How To Make Small Talk At Weddings



*This post was updated July 30th 2015*


The service was delightful. The brides looked divine. The grooms were as handsome as you’ve ever seen them. You made small talk with the mother-in-law, buried your face in the order of service when everyone was hugging, and mouthed hello to someone you vaguely remember from the hag do. 

Now, you’re standing in the car park and everyone’s hanging around before the reception, but you don’t have anyone to talk to.


Or maybe, you are with people you know. Maybe you’re laughing all the way to the reception until – ARE YOU KIDDING ME!? – You read the place settings only to realise that you’re sitting on a table with people you don’t know.

Suddenly, you can’t kick your shoes off under the table; you can’t bury your face in the salmon starter, and you can’t do that party trick with a glass of water, a penny and the tablecloth. Well, you could...

Oh, but THANK THE STARS, at least there’s wine.

Being polite shouldn't be something that you have to be schooled in; it should just be something you do. However, it's easy at weddings, (when you're thrown in with strangers) to relapse back to your mid-teens by drinking too much, burying your nose in your phone, zoning out of conversations half-way through and generally just being a bit awkward.

 


There are a few things worth remembering:



  • Know that the first impression you make will be a lasting one. The sooner you break the ice, the better. Nobody is asking you to become BFFs with the people you're sitting near but you should aim to be friendly or, at the very least, civil. Nobody wants to sit through an entire reception with an atmosphere that chokes like a bad cigarette. 

  • Go easy on the alcohol. It's a great facilitator for making friends in social situations, but be sure to pace yourself. Weddings last all day, and you don't want to be face down on the dance floor before the DJ has even set up. 


  • Introduce yourself to everyone at the table. You don’t have to do this individually. Make eye contact with everyone as you sit down and say hello. Say your name, too. This makes it easy for people to include you in conversation. It's just bad manner to plonk yourself down and ignore everyone. 

  • Keep the conversation well, well away from contentious issues like politics and religion. Be careful about asking personal questions, too, until you're sure it's acceptable to do so. You don't know people's backstories: don't ask about children, partners or ages unless you're confident it won't offend or upset.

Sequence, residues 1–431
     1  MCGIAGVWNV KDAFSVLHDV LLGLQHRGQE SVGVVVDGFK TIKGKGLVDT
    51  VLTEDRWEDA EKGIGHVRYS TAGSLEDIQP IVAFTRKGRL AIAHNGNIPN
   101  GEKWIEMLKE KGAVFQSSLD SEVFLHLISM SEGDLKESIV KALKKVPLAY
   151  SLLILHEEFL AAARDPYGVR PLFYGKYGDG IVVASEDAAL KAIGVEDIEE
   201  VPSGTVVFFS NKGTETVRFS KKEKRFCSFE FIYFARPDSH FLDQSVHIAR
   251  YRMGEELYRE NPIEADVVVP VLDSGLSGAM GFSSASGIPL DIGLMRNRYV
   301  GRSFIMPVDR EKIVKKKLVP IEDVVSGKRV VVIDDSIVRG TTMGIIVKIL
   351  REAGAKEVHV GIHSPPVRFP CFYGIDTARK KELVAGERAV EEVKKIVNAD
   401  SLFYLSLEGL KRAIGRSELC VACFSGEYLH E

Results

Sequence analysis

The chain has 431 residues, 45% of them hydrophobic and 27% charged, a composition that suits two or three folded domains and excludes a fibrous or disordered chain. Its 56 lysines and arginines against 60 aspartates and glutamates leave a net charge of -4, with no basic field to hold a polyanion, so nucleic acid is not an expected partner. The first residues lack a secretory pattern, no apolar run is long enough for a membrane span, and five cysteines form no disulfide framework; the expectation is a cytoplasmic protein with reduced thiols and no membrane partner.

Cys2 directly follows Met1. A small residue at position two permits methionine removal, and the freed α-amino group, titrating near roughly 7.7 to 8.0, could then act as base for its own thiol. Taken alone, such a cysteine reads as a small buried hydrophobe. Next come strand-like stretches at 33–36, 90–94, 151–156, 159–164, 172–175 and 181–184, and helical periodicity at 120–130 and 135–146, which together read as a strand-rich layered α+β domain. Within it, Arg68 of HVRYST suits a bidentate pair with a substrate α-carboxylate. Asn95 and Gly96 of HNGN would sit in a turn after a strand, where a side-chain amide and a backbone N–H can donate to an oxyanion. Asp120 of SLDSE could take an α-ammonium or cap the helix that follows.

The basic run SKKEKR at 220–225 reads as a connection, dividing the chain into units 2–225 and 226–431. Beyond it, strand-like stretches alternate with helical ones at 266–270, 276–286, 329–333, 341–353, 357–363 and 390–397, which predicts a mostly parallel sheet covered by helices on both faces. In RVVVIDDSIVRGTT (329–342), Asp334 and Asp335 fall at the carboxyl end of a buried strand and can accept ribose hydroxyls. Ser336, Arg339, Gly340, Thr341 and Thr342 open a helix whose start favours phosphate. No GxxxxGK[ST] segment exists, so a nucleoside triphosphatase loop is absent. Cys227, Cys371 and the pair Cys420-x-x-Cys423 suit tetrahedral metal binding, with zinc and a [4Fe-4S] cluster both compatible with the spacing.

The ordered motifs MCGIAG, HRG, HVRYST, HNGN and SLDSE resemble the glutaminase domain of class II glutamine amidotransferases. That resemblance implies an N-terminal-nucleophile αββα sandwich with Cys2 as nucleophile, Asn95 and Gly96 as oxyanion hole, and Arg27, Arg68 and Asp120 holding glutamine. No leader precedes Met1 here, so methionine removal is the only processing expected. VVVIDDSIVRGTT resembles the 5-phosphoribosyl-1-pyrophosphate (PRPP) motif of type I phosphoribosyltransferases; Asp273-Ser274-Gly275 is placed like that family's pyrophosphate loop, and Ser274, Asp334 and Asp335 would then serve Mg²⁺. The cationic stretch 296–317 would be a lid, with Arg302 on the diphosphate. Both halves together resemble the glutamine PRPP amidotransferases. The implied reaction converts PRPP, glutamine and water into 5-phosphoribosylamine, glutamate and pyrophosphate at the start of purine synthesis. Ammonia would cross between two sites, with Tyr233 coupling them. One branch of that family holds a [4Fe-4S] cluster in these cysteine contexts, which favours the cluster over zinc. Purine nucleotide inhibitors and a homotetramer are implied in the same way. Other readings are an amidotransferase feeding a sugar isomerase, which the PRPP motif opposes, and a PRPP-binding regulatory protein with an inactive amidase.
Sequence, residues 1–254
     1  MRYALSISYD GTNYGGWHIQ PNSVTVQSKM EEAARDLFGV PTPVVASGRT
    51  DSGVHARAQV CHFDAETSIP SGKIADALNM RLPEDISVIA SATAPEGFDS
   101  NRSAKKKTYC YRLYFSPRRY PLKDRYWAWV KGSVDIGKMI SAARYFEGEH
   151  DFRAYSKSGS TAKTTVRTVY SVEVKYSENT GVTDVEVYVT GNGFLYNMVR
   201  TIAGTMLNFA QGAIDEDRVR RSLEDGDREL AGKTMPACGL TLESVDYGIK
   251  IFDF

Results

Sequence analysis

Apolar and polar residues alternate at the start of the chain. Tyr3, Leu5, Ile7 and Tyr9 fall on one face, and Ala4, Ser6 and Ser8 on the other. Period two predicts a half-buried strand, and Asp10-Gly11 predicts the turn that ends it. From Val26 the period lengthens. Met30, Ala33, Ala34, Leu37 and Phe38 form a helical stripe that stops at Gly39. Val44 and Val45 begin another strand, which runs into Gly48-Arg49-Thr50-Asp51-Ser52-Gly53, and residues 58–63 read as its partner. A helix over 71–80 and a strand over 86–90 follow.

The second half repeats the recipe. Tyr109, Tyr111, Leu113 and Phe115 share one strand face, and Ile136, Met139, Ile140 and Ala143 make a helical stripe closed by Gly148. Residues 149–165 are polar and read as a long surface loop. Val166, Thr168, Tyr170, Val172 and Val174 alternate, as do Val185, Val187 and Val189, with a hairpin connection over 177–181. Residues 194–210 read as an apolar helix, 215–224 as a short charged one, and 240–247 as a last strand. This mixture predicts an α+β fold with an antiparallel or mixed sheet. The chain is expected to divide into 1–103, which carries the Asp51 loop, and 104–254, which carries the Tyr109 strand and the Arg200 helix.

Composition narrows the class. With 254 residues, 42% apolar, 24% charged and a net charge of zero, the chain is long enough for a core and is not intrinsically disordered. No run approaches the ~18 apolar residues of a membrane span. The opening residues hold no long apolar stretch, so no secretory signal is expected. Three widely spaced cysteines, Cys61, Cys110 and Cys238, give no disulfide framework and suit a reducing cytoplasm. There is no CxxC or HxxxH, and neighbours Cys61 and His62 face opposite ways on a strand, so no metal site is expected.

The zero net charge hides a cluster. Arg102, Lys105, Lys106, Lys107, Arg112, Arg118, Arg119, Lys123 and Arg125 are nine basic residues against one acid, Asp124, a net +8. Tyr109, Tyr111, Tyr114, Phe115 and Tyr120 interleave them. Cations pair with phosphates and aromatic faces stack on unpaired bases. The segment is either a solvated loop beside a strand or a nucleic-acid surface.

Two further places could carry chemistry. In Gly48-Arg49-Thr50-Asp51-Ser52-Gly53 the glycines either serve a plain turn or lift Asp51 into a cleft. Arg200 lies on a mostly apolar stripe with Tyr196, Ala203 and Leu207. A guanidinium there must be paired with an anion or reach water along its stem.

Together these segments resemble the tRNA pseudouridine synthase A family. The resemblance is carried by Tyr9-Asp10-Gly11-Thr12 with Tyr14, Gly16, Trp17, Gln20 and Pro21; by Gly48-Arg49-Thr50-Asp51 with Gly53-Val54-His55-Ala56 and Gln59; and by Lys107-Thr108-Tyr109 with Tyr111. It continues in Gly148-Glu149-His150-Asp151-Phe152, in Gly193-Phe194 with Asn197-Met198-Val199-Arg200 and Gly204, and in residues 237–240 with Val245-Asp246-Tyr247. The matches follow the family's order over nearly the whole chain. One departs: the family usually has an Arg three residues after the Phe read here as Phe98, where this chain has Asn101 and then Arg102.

• Talk about shared experiences until you have established common ground. Your best bet is to keep it wedding related, but don’t be critical of anything or anybody. At this stage, banal is fine: “didn’t the brides look lovely” or “How do you know the grooms?” or “What a beautiful day, so far” are good for building a rapport. You don't have to wheel out your acerbic wit just yet. Think of these first few minutes as being the groundwork for the wedding selfies, the jelly shots and the good conversation to come later.

  • Even better, if you can, then ask open-ended questions. Ones that require an answer more than just yes or know. “How do you know the couple” “Have you come far today?” Again, you’re signalling to everyone that you’re in the conversation. That’ll make you harder to ignore.



  • Make sure you’re listening to other people’s replies to your questions. Ask them to elaborate on something they’ve alluded to if you’re worried that the conversation is about to burn out. 

  • This isn't about stringing out questions but about creating a connection (no matter how tenuous) with people you may know nothing about.


  • If the conversation stalls, then revert to questions about the day: the weather, the journey down, the quality of the salmon starter or any requests you're planning on plugging to the DJ later. 

  • Keep your head out of you phone. It's easy to use a phone as a crutch, but it'll only make you look unresponsive and rude. If you do have to send a message or answer a call, then apologise (even if you don't mean it) and then put the phone away. Instagram will still be there tomorrow. 


  • Don't worry about remembering everyone's names but do try and note down a couple. Use the place settings if you're suddenly stuck. People will understand that you've forgotten their name, but it's probably rude to ask for it more than twice. Use the other people on the table to find out if you get stuck. 


If you do find the conversation excruciating, the company frustrating and the table wine in short supply, then don't worry. Receptions are bloated out with all manner of distractions: speeches, food, gift giving etc. Just hold tight until it's all done and then make your escape over to another group or across the car park and into your car. 


There shouldn't be anything in this post that comes as a surprise. Just be yourself, unless 'yourself' is an absolute mess that nobody wants to sit by and then it's fine to be someone else. 


Do you have any wedding reception horror stories that you'd like to share? Leave us a message below 













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